There are so many rhetorical devices. Since you probably can not remember all of them, we’ve put together the 30 most common style remedies for you and provided examples. So you can give your text analysis more depth quickly and easily.

Knowing rhetorical means is not only helpful at school and during your studies. Even privately, the linguistic figures open up completely new perspectives. We’ll tell you about their benefits, explain the five most important ones in detail, and give you an overview of other important stylistic devices that you can use later.

Advantages of rhetorical means

Rhetoric stylistic devices are broadly based on rhetoric (ancient Greek “rhetoric”). Already since antiquity one understands among them an artful kind of representation. Especially in poetry, there are many rhetorical figures, which should not only condense the content, but also serve as a joke to make the sound and appearance of the texts more appealing.

It is an advantage to be able to recognize and name rhetorical devices. They not only meet us at school and during their studies, we are also constantly surrounded by them in everyday life, for example through advertising and songs. Even if you read a book privately, you get a much better understanding of what the author intended, if you can identify rhetoric.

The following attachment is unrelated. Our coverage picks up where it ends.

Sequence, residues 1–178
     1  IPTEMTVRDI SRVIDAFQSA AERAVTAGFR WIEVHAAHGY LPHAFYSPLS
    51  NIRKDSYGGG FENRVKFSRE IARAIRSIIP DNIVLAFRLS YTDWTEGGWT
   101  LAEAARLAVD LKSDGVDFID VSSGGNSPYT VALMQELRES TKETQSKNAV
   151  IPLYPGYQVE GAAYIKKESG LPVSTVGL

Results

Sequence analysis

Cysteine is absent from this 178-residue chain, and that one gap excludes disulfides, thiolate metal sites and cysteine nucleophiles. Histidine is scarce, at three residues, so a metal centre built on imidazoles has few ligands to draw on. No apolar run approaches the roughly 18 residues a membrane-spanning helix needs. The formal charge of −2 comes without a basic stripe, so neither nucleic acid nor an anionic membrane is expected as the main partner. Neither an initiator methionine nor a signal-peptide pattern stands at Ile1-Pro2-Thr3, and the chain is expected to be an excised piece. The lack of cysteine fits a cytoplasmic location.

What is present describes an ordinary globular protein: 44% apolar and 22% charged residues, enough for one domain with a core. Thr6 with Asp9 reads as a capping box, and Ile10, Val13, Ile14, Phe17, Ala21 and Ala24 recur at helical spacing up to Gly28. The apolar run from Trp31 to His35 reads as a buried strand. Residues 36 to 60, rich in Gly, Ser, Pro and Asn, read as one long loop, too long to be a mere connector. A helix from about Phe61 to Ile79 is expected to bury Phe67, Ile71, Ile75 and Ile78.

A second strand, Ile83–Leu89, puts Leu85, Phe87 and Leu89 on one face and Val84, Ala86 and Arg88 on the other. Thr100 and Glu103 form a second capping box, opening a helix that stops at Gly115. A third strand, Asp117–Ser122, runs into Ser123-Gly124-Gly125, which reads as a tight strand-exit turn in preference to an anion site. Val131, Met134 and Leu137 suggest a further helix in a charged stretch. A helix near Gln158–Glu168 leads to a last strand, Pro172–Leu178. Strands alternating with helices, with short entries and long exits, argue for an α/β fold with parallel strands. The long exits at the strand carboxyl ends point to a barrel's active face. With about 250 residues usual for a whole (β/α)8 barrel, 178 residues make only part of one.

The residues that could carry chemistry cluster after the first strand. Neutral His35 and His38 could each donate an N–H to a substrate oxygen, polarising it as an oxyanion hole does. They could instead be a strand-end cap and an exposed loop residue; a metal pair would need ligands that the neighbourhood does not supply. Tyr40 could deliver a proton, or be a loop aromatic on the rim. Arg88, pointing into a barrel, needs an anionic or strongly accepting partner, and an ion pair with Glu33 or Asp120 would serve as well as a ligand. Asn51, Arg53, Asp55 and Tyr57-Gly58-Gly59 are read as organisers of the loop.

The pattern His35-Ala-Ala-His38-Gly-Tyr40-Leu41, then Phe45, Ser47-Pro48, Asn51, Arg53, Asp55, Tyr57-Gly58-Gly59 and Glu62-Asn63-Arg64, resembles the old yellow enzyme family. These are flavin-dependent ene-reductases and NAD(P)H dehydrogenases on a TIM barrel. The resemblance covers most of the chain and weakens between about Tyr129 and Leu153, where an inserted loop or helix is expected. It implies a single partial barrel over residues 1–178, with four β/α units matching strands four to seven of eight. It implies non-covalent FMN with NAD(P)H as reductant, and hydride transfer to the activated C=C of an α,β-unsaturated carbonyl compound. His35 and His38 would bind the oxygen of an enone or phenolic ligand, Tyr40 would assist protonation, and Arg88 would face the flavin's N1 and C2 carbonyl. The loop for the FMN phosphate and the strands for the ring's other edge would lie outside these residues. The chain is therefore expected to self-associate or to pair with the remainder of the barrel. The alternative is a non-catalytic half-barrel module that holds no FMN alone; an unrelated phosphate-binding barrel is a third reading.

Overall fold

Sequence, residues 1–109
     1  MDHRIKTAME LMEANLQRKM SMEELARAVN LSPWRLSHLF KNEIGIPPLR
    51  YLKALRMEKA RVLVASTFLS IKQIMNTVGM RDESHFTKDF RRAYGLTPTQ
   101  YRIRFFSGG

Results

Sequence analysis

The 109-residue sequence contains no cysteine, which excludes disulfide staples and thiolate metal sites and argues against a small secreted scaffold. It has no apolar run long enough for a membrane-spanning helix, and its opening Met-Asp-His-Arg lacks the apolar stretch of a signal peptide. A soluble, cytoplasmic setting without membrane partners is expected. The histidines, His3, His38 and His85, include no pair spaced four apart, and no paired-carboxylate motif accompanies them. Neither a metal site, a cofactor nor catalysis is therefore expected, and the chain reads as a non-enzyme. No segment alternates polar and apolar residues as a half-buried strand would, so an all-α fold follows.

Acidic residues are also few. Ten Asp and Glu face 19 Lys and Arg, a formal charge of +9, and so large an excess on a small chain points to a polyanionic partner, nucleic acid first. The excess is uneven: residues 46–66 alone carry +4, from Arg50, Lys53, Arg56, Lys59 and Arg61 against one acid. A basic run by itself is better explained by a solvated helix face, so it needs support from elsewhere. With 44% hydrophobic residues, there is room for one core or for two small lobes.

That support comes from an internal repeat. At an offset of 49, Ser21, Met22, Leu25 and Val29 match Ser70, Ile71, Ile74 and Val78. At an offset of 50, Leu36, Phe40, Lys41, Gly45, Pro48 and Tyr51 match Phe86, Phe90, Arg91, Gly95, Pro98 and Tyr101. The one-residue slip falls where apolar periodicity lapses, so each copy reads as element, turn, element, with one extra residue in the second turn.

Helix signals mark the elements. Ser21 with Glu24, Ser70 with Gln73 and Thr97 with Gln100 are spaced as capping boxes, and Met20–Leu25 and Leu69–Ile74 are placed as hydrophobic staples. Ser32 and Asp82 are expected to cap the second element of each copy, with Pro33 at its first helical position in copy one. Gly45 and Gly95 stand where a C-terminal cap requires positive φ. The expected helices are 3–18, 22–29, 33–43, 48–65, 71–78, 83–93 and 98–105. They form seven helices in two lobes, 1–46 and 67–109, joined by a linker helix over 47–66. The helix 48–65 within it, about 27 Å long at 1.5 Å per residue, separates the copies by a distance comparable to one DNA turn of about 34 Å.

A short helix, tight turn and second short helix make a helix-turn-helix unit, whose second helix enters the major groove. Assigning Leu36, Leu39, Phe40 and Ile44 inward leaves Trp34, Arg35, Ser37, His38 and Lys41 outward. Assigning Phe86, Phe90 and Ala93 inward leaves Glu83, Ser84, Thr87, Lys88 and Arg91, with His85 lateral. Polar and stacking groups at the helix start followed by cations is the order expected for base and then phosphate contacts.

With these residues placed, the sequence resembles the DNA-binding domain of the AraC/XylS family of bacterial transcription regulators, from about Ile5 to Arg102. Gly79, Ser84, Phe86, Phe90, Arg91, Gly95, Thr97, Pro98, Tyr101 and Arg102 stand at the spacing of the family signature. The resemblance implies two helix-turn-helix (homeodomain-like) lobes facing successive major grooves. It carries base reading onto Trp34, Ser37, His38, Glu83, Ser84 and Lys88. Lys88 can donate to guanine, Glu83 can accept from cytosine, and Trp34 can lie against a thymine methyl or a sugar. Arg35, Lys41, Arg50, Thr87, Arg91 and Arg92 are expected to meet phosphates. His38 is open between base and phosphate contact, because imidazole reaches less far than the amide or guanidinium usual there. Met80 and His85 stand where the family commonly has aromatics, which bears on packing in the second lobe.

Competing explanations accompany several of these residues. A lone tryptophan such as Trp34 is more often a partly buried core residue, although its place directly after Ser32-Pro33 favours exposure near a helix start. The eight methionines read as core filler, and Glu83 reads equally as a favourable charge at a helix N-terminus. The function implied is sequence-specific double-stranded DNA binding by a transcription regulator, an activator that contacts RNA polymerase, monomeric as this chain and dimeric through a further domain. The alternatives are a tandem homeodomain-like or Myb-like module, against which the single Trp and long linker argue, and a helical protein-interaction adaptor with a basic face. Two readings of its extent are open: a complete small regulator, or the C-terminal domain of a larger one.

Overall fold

You do not have to memorize all the rhetorical resources, there are just too many. But the most well-known are often inquired at school because it can be really useful to know them. The more you know, the better. So not only will your text analysis be richer, you will get a finer understanding of your entire environment and also improve your language skills.

Rhetoric can be learned and helps you to improve your expression – both in writing and orally. It also benefits your self-esteem and charisma. A rich vocabulary and juggling with language is also helpful in job interviews to leave a bright impression.

The 5 most common rhetorical remedies